The motion reminds the court that the Missouri convention seeks the return of the real estate that was transferred to the breakaway board and now is in dispute: 1,300 acres of shorefront property at the Lake of the Ozarks. The actions by Windermere trustees, according to the motion, appear to be calculated to laden the property with a “lethal debt load” so that the Missouri convention cannot afford to recover the land.
“We will ultimately ask the court to cancel the mortgage of Allegiant Bank when Windermere is returned to the MBC,” Whitehead explained. “The bank had notice before it loaned the money about our lawsuit claiming that the breakaway board lacks legal authority to mortgage the real estate. When the court nullifies the breakaway board, it should also nullify the bank loan and mortgage.”
Breakaway trustees for the center told Word & Way after the Nov. 17 meeting that they had a plan to refinance the embattled entity’s debt, which would reduce the principal from $21 to $14 million. They did not explain how they would pay down the debt, but they did mention a possible sale of bonds. The trustees also announced that they had agreed to pay an out-of-court settlement of $600,000 to a contractor, Hicks Construction of Niangua, Mo. Hicks had filed a lien for more than $400,000 after going unpaid for his firm’s work on Windermere’s controversial Wilderness Creek expansion project that began in 2002.
Windermere’s financial trouble began in 2001 when trustees violated Missouri corporate law by amending the conference center’s charter to become self-perpetuating, without MBC approval. That action set into motion a legal battle with the MBC that includes four other entities –– Word & Way, The Baptist Home retirement facility, Missouri Baptist Foundation and Missouri Baptist College -– where trustees also amended their charters without MBC approval. The five entities have assets totaling more than $240 million.
Shortly thereafter Shock and the trustees embarked on the aggressive Wilderness Creek expansion project, but financing collapsed into chaos in 2002 when angry contractors started filing liens for work for which they were not paid. Windermere secured financing for Phase 1 in 2003, landing an $18.75 million loan from Allegiant Bank. The bank made the loan despite warnings from Missouri Baptist Convention attorneys who wrote a letter to the bank warning that the center was embroiled in litigation. The Allegiant loan enabled Windermere to compensate the angry contractors and all but one (Hicks) dropped their liens.
An analysis of Windermere’s Form 990s from 2002 through 2004 shows that business has remained flat, with receipts totaling $3.15 million in 2002; $2.93 million in 2003; and $3.11 million in 2004. But expenses rose every year during that period, from $3.9 million in 2002 to $5.27 million in 2004, shackling the center with additional debt that grew from $750,482 in 2002 to $2.16 million in 2004. Net assets over the same period plummeted from $2.38 million in 2002 to $451,138 in 2004.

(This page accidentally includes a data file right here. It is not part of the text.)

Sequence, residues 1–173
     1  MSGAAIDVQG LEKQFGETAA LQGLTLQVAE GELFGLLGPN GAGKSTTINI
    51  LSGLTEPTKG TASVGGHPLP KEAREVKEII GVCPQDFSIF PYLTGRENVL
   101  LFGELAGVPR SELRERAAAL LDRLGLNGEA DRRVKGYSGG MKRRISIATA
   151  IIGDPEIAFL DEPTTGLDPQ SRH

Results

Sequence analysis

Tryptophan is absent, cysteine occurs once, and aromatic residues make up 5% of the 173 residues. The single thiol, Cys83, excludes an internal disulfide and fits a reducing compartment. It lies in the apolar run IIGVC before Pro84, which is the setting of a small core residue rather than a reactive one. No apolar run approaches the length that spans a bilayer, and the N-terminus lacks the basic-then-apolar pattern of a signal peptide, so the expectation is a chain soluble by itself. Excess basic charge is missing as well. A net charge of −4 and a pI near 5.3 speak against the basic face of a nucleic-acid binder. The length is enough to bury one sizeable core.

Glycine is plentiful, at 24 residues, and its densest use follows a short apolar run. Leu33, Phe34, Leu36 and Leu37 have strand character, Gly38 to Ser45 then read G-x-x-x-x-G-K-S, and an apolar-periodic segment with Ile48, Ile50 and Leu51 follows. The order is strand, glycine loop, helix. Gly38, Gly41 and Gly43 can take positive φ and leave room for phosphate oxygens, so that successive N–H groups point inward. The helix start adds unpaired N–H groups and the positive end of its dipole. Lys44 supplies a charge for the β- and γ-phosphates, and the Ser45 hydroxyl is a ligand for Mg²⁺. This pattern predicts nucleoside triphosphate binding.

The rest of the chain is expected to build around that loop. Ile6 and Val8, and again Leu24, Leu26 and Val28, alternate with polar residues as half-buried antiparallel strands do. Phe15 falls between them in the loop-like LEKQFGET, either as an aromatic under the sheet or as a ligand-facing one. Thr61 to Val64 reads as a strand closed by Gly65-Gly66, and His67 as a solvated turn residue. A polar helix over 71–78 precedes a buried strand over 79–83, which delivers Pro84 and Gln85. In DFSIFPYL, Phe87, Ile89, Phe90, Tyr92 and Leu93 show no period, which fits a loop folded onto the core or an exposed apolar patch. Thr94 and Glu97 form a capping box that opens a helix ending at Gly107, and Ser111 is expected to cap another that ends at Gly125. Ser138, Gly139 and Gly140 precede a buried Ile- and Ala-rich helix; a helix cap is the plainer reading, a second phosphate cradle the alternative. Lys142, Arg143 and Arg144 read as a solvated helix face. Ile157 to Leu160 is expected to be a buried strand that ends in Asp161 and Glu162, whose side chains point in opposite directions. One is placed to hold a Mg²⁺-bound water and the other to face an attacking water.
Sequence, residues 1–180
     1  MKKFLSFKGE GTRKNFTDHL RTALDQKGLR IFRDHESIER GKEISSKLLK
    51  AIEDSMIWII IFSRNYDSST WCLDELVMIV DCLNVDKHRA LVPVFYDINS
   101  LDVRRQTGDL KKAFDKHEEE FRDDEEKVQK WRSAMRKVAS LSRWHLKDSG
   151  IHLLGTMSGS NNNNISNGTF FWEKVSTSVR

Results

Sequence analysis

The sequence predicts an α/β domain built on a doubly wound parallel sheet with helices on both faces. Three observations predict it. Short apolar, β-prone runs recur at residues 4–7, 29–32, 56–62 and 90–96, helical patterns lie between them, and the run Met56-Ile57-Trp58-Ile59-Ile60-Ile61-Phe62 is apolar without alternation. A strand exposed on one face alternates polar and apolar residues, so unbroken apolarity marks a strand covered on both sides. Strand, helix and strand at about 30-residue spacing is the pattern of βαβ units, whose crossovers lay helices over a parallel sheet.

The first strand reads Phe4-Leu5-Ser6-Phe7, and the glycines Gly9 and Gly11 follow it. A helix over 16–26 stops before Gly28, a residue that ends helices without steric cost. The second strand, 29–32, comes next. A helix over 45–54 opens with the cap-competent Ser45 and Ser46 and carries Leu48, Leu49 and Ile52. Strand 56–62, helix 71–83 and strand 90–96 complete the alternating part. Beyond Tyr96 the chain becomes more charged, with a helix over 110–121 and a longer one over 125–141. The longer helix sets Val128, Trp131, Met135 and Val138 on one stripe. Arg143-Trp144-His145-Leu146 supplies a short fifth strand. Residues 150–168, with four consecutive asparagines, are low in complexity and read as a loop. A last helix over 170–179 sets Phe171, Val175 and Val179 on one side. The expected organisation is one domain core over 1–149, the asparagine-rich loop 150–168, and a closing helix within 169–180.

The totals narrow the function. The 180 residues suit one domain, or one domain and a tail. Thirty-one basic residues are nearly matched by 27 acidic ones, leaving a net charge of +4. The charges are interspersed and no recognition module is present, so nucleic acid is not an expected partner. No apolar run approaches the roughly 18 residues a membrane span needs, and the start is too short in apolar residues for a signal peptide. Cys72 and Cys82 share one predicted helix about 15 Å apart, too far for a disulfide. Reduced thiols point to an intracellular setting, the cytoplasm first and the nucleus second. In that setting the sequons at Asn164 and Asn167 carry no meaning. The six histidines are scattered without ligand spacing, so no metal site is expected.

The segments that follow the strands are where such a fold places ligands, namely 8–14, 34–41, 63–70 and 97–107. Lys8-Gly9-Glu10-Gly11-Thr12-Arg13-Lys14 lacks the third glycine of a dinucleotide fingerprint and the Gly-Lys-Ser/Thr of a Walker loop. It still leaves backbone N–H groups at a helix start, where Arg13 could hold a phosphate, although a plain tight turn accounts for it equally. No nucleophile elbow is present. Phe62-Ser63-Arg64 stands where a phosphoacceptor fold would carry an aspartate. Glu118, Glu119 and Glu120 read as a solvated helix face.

Details were not disclosed regarding the renegade trustees’ plan to refinance Windermere’s debt. News reports suggested that a new loan was obtained for $14 million, with a plan for sale of public bonds to fill the gap. Missouri convention leaders are concerned that the bonds may be peddled to unsuspecting Southern Baptists throughout the state, who may wind up losing their money, either due to court action or to financial problems at Windermere. The acknowledged land sale also be a source of funds for paying down the indebtedness.
In a related development, lawyers for the Word & Way threatened to sue the Missouri convention’s executive board for “tortuous interference with a contract or business relationships.” Attorney Jim Shoemake, in a letter dated Nov. 23, complained about a motion during the MBC’s annual meeting in October objecting to recent advertising placed in the Word & Way by three entities related to the MBC. The convention directed MBC Executive Director David Clippard to write the three entities — LifeWay Christian Resources, Guidestone Financial Resources and the Missouri Baptist Credit Union — to ask that they stop advertising with the Word & Way. Shoemake’s letter was sent to Whitehead, who replied in a letter to Shoemake that the threat was baseless and the MBC letter was justified.
“The convention has every right to ask [the SBC entities] not to patronize the breakaways,” Whitehead said. “The prodigal paper has no reason to expect the Baptist family to patronize it, until it comes back home.”
Don Hinkle is editor of The Pathway, newsjournal of the Missouri Baptist Convention, on the Web at www.mbcpathway.com.